Tallahassee, FL - The Florida Innocence Commission has been told more than 200 inmates in Florida prisons are incarcerated based upon faulty eyewitness testimony. More than two dozen inmates have been freed based on DNA evidence in recent years, but DNA isn’t always available.
Rudolph Holton was released from prison in January 2003 after spending 16 years there based on unreliable eyewitness testimony. On the day he was released he was asked, "Did you ever think this day would come…16 years sitting there?"
His response: “Yes, but I needed the right attorneys”.
In 2006 Alan Crotzer was freed after almost 25 years behind bars. DNA proved he didn’t commit the rapes that sent him to prison. He says his case proves eyewitnesses can be wrong…then added “Especially when its across racial identification involved, you know, if i said that we all look alike but from one race to another, but when you cross racial identification, identifying someone and identification thing, you can be wrong”.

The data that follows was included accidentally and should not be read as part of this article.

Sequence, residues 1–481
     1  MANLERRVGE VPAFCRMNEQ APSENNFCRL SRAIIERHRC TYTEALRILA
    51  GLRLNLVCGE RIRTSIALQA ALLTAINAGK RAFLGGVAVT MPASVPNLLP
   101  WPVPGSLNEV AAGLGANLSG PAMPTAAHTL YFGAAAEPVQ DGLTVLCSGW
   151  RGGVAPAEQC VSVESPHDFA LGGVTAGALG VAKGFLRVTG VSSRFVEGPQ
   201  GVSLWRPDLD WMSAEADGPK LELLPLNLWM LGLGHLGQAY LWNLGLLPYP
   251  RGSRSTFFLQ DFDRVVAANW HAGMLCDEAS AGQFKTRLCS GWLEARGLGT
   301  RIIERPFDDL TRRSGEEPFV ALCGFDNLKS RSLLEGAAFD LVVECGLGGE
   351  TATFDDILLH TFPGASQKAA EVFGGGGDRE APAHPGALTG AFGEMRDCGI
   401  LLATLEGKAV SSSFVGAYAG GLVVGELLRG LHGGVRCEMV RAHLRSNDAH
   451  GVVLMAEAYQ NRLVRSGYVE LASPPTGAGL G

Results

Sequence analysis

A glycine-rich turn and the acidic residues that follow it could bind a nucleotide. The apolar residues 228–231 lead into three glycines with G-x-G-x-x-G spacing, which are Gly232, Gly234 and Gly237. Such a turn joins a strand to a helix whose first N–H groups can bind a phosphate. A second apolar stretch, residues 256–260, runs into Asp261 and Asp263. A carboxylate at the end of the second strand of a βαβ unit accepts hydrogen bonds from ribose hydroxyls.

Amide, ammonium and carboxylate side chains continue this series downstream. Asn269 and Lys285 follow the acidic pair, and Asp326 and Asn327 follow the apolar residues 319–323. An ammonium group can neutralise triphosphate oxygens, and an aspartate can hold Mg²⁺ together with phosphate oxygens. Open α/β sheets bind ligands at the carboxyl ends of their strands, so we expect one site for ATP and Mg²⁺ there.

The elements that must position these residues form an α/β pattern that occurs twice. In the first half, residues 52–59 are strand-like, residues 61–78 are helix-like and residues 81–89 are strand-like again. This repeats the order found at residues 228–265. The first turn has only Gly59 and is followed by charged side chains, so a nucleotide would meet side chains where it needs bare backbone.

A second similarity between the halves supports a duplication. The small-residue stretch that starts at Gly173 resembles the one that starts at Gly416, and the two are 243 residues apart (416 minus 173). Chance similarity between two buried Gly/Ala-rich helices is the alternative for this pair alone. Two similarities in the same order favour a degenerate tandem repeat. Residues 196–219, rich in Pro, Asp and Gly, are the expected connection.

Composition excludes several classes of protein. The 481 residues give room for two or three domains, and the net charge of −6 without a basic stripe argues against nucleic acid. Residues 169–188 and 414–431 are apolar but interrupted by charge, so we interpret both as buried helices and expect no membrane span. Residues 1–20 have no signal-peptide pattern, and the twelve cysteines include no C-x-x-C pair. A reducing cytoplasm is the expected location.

Really Wrong. Evidence shows that 1 in 3 eye witness identifications are just flat out wrong.
At the innocence project, a thousand or more new cases are examined each year. President Mike Minerva is a former public defender who has examined hundreds if not thousands of eyewitnesses “Eye witness identification is really lack of opinion testimony. It’s someone’s perception of what they saw..or what they thought they saw.”
But Minerva says there are ways to improve eyewitness testimony…including not showing the witness a batch of photos at the same time. “Show a witness a group of pictures they are going to try and pick someone out” says Minerva.
Experts suggest there are at least 200 innocents behind bars because of faulty eyewitness identifications.
Experts also recommend police use detectives who are not involved in a case or who do not know who is a suspect when they are showing pictures to a witness. They also suggest showing the pictured one at a time rather than in a group.